- The Washington Times - Wednesday, September 5, 2012


I am troubled by many issues related to the upcoming election, but there is one issue in particular that I cannot get out of my thoughts. I am a disabled vet. I am not a hero — I just got injured a lot throughout the course of my career. I am blessed with a wonderful family and a good job for the time being. Even with my latest surgery, though, things continue to worsen and I do not know how long I will be allowed to telecommute and be a fully functional member of the workforce.

I have spent time in physical rehabilitation with other vets. Many of them are not as fortunate as I am, and continue to suffer beyond our comprehension. I have had the honor in this capacity to meet some of the finest Americans: men and women who gave us everything they had and lived because of our superior field medical capabilities. I am humbled with every experience.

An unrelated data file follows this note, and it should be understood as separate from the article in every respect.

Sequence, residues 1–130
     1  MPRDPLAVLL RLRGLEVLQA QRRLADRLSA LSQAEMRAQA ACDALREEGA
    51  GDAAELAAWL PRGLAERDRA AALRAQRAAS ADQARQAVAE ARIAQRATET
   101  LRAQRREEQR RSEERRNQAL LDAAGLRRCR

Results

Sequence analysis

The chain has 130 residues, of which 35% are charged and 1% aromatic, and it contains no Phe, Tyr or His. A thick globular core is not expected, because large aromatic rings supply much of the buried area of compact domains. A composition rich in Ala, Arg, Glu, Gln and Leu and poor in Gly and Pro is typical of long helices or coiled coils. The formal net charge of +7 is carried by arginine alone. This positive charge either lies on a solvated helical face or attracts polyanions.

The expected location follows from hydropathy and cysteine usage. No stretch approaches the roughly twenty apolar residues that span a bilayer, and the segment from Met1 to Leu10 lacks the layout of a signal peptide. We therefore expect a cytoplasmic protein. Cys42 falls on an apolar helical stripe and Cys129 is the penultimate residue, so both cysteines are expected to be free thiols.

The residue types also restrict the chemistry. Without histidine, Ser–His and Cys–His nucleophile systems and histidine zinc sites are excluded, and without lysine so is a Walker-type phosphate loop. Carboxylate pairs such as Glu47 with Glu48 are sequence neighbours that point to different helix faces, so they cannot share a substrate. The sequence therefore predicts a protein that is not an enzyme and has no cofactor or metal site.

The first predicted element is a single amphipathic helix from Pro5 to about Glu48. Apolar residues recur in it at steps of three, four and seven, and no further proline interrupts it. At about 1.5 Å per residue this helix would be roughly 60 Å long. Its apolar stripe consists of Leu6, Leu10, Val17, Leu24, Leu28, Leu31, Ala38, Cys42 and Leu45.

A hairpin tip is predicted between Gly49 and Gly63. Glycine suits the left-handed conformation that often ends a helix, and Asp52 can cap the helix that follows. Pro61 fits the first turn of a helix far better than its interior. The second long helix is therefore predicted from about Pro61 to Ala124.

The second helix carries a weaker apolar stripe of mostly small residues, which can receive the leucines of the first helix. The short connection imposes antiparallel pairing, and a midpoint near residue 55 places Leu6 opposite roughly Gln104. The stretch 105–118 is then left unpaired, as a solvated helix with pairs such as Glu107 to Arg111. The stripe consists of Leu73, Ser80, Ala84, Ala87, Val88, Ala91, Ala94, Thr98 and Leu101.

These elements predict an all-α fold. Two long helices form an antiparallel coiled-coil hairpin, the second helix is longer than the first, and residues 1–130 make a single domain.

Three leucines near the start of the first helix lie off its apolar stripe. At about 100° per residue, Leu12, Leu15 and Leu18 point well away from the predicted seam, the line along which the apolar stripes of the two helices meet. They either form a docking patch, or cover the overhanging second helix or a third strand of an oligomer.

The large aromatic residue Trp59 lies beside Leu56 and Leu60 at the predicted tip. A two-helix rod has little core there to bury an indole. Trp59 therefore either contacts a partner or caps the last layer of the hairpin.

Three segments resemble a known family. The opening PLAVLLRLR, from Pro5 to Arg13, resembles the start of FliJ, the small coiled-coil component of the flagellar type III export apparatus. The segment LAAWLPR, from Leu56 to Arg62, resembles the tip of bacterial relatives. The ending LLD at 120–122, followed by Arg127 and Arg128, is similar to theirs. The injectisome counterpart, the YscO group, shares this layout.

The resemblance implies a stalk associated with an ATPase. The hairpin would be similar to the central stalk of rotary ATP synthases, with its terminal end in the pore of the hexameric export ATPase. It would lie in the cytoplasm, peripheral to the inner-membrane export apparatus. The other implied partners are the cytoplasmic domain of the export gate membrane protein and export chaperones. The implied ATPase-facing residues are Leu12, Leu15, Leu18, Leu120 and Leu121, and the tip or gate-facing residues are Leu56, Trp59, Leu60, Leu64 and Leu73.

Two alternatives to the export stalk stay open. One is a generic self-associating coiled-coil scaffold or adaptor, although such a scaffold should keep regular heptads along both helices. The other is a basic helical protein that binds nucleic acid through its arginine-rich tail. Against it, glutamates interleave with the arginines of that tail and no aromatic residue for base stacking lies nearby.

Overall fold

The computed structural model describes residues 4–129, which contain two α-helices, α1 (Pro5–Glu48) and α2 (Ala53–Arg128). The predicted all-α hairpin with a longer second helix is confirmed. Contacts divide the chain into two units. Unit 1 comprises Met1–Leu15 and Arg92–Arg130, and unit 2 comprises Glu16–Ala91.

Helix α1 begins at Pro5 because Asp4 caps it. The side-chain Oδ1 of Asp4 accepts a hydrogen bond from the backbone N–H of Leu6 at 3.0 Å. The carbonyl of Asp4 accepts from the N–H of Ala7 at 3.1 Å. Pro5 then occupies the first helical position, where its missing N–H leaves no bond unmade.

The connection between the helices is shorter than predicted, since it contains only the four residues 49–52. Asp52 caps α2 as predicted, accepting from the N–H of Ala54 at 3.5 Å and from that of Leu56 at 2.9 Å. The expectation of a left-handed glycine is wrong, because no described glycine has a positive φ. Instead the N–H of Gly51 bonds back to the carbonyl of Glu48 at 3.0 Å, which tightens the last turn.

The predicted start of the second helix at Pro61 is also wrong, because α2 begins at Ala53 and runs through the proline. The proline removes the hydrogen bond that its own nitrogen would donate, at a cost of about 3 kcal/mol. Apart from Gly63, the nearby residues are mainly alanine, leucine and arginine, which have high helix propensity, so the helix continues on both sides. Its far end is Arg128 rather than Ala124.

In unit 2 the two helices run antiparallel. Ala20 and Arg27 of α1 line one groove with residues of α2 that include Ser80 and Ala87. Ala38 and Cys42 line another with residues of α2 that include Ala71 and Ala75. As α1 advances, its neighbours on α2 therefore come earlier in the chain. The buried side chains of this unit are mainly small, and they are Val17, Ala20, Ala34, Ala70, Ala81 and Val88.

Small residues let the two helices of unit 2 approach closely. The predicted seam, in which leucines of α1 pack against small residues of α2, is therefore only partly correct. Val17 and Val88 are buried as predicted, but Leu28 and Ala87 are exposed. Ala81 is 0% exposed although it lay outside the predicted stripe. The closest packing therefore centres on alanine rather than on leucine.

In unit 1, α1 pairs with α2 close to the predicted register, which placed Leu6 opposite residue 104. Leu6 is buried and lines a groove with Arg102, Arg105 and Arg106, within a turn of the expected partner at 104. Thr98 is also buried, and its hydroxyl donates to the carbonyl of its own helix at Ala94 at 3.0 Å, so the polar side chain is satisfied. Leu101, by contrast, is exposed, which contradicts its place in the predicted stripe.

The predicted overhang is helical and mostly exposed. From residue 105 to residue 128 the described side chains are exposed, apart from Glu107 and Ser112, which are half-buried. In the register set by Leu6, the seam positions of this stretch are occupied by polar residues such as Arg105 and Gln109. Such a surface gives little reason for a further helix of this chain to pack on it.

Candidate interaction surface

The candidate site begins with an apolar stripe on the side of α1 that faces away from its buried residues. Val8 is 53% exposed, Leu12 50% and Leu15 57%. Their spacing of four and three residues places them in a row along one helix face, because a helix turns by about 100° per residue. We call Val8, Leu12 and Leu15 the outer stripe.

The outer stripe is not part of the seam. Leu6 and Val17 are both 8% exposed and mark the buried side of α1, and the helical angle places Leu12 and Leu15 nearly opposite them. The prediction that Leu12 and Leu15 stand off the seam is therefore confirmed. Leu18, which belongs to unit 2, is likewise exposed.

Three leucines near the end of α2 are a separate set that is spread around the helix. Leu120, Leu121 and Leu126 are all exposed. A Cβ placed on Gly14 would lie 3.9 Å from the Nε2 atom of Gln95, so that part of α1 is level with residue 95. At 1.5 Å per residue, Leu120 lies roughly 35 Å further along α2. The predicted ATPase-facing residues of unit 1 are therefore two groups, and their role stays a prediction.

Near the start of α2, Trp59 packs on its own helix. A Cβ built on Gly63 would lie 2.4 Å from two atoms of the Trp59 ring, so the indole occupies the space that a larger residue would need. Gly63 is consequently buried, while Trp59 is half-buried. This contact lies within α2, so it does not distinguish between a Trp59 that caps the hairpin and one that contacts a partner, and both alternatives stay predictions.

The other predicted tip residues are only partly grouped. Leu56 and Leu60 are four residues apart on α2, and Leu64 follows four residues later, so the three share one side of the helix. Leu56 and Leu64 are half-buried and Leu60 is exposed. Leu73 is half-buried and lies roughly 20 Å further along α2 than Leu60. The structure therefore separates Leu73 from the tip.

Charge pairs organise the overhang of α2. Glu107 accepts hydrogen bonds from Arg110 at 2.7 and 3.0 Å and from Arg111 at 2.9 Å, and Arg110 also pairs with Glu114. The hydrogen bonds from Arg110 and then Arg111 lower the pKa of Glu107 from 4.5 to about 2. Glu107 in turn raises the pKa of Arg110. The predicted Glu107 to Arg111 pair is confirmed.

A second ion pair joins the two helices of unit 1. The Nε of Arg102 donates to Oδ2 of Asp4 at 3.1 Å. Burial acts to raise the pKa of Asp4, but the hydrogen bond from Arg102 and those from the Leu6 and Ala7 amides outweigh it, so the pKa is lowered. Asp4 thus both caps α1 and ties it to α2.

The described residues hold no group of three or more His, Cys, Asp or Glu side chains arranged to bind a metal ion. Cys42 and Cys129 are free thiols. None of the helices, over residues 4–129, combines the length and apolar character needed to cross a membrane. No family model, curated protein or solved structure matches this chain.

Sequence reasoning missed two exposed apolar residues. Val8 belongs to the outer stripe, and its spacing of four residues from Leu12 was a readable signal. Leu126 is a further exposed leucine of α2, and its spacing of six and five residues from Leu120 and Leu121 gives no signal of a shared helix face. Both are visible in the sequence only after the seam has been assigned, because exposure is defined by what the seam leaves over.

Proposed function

As a nation, we have a history of forgetting veterans as our memories of the last war fade. With this election, veterans’ and military personnel issues are my biggest concern, not because of my situation, but for those vets and active-duty personnel who do not have a voice. With the wars in Iraq and Afghanistan, our country will soon have a level of severely disabled veterans for which we are not prepared.

We all have specific issues that matter to us: civil rights, homosexual “marriage,” abortion, freedom of religion, the Second Amendment, etc. What I humbly ask is that each of us question our political candidates at all levels about where they stand on issues related to veterans and military personnel, then consider their answers when voting.





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